The company announced a definitive agreement to acquire privately held Axeda, an IoT cloud-based technology provider offering technology that connects machines and sensors to the cloud, for a reported $170 million in cash. According to an SEC filing, the merger agreement has been approved by the boards of both PTC and Axeda, and upon closing, Axeda will become a wholly-owned subsidiary of PTC. To finance this acquisition, PTC expects to borrow the full acquisition price.
The announcement follows the prior acquisition of IoT applications provider ThingWorx in December, which was the other strategic move into this new area of IoT and its relationships with both product and service lifecycle management.
Foxboro Massachusetts based Axeda is a privately-held company with majority ownership from JMI Equity which dominates its Board. The core of Axeda technology is the ability to establish secure cloud-based connectivity and management across a wide range of machines, sensors and devices. The Axeda IoT platform is described as a “complete M2M and IoT data integration and applications development platform” that includes connectivity, data management, and device and asset management support services. Axeda Connected Machine Management Applications provide support in the monitoring, remote access, content distribution, configuration and dashboard reporting of various M2M applications.
Support of business needs include technicians remotely diagnosing and servicing ATM’s, medical devices and industrial equipment. The company’s web site cites installed base customers in Industrial manufacturing such as Sealed Air and Tyco, high tech manufacturers such as EMC and NetApp, among others, and a fairly long listing of medical device manufacturers that include Medtronic, Phillips, Siemens and Waters. Strategic partners are AT&T, Microsoft, SAP, and WiPro, among others. In June of last year, WiPro invested an undisclosed amount in the company to secure premium partner access to technology resources along with the ability to test further and deploy M2M technology applications from the WiPro M2MCenter of Excellence in Bangalore.
Of further interest, Axeda CEO Todd DeSisto’s background is cited as “service as a senior executive for multiple venture and private equity companies with successful exits.”
According to PTC, the prime motivation for this acquisition was to complement the ThingWorx rapid application development environment by addressing customer needs for connectivity and security. In the briefing with equity analysts, PTC management boasted about the current strong growth already encountered in ThinWorx related bookings which were described as the equivalent of $4 million in equivalent license revenues during the past quarter. President and CEO James Heppelmann described the Axeda acquisition as “the best deal we’ve done in a long time”. He further noted that much of the current IoT interest for embarking on IoT initiatives is coming directly from C-level executives who are pondering the potential to reconfigure existing product value-chains.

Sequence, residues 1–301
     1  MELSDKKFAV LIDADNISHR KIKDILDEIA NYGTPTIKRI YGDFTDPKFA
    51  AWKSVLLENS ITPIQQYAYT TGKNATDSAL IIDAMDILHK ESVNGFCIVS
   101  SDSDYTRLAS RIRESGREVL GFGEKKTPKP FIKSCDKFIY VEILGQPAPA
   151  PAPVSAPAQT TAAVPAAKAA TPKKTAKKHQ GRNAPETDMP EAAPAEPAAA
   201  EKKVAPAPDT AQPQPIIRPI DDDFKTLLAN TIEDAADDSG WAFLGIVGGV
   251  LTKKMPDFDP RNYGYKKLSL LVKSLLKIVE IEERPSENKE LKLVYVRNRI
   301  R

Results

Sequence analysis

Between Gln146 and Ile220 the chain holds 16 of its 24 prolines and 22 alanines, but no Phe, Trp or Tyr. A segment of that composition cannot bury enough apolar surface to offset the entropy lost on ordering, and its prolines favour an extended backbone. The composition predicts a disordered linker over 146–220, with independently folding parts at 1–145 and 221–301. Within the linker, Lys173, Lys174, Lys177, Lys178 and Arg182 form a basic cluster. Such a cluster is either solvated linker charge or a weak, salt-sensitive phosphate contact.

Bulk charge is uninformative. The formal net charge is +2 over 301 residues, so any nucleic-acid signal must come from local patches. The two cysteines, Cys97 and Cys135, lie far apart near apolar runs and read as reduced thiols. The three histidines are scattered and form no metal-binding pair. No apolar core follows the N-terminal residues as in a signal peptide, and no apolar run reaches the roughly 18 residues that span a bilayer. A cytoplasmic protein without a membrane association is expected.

Supply Chain Matters attended the recent PTC Live Global customer conference in June where many customer presentations addressed the IoT scenarios for connecting product and service management business process needs directly with information on physical devices. Our sense was that these new forms of applications are clearly in early stages of development yet attendees were drawn to some of the sessions, including those that addressed the linkage of machine sensing with service management processes.
PTC has made yet another bold move to lock-up a promising technology platform. Supply Chain Matters reiterates our impressions communicated with the prior ThingWorx acquisition. namely that this move adds another arrow in PTC’s ongoing efforts to compete with far larger enterprise software vendors in supporting a rather broad and extensive product and service management product suite that has the potential to leverage the new era of digital based manufacturing.
© 2014 The Ferrari Consulting and Research Group LLC and the Supply Chain Matters Blog. All rights reserved.
In our previous published commentary, we reflected on the recently held Farnborough Air Show and the new order activity generated for aerospace industry supply chains by this trade show.
One other report from this trade show caught our attention. Boeing indicated that the reliability to-date of the more than 160 787 Dreamliners that are operating among global carriers is averaging about 98 percent. The OEM’s chief 787 test pilot flatly indicated: “that number is not where we would like it to be, we were expecting it to increase.” The industry sets reliability benchmarks for aircraft, particularly newly introduce models that must meet higher customer expectations. According to reporting from the Wall Street Journal, Boeing pegs reliability of new aircraft to that of the previous generation 777 fleet at comparable times of product rollout and fleet operating time. The “triple seven” has been widely recognized as one of the most reliable.